We are the homecare workers of ParaMed. Every day, we care for the sick and vulnerable. We deserve fair wages and more than three sick days. It’s time for ParaMed to GET REAL.

Christine Outridge

Christine Outridge has been a personal support worker (PSW) at Grace Villa Nursing Home in Hamilton since 2005 and is a chief steward with SEIU Healthcare. The Fall Academy was a very important experience for Christine as she needed the support of her fellow members after the passing of both her mother and aunt around Remembrance Day.

“My heart and mind were so badly broken, to the point where I almost cancelled my enrollment in the Academy. But I knew being with my amazing sisters and brothers would help me open my mind and learn what I need to for bargaining in 2019 with my co-workers and SEIU Healthcare,” says Christine.

Christine says that having the opportunity to speak privately with the on-site mental health counsellor gave her the courage to discuss her personal feelings about work and life.

She notes that she also appreciated the mandatory mental health training program on the first day because it motivated her to start introducing mental health education in her workplace:

“Learning about the importance of mental health was challenging yet inspiring. I decided to take the initiative and speak with management about educating our staff on why we need to create dialogue around self-care for a healthier work environment. They were very open to the idea.”

Regarding her specific stream, organizing your workplace, Christine shares how she learned to be mindful of her approach when providing support to her co-workers in workplace activism.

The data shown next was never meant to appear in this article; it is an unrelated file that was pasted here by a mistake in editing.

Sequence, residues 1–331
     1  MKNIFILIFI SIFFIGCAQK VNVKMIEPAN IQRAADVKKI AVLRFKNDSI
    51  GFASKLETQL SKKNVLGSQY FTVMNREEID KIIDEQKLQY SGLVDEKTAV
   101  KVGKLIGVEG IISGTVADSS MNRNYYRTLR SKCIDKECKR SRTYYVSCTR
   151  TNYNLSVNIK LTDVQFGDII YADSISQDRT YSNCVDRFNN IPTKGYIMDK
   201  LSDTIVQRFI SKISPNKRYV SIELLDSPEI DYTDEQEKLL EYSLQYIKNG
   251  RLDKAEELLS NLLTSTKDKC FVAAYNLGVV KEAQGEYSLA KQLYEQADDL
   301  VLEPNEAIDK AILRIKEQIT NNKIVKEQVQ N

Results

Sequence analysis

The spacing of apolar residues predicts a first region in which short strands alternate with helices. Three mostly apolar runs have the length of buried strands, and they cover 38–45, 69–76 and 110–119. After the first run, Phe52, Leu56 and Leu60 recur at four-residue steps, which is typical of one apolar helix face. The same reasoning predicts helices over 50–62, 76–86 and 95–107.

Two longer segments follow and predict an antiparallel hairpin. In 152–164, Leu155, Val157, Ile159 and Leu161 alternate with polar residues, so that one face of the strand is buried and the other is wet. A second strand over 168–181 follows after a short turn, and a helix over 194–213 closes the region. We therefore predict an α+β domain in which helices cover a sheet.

“Our excellent facilitators motivated our class to participate in role-playing that simulated communication between ourselves and our co-workers. The way in which you respond to their needs using your listening skills and union knowledge really makes all the difference.”

Christine explains that in order to be the best chief steward possible for her co-workers, she wants to remain active in as many areas of the labour movement as possible and engage even more members in workplace advocacy.

To start, she reveals that she has made plans with her new union representative to enhance the format for general membership meetings (GMM), as well as with one of her new stewards to get co-workers involved in addressing upcoming workplace issues, namely bargaining.

However, activism is a two-way street, and Christine believes, “there is never enough engagement,” when it comes to the membership. If we are to strengthen our voice and make meaningful change in healthcare, she stresses that members need to be more passionate about union involvement.

“Movement happens when we unite and make things happen,” she says.

Since the Leadership Academy is a platform that reinforces such values, Christine urges new faces to use the opportunity as their first step into the labour movement:

“The Academy teaches you the importance of being part of a union—being able to share your passion and positivity with your sisters and brothers—and how everything you do to improve workers’ rights makes saving the healthcare industry truly worth it.”

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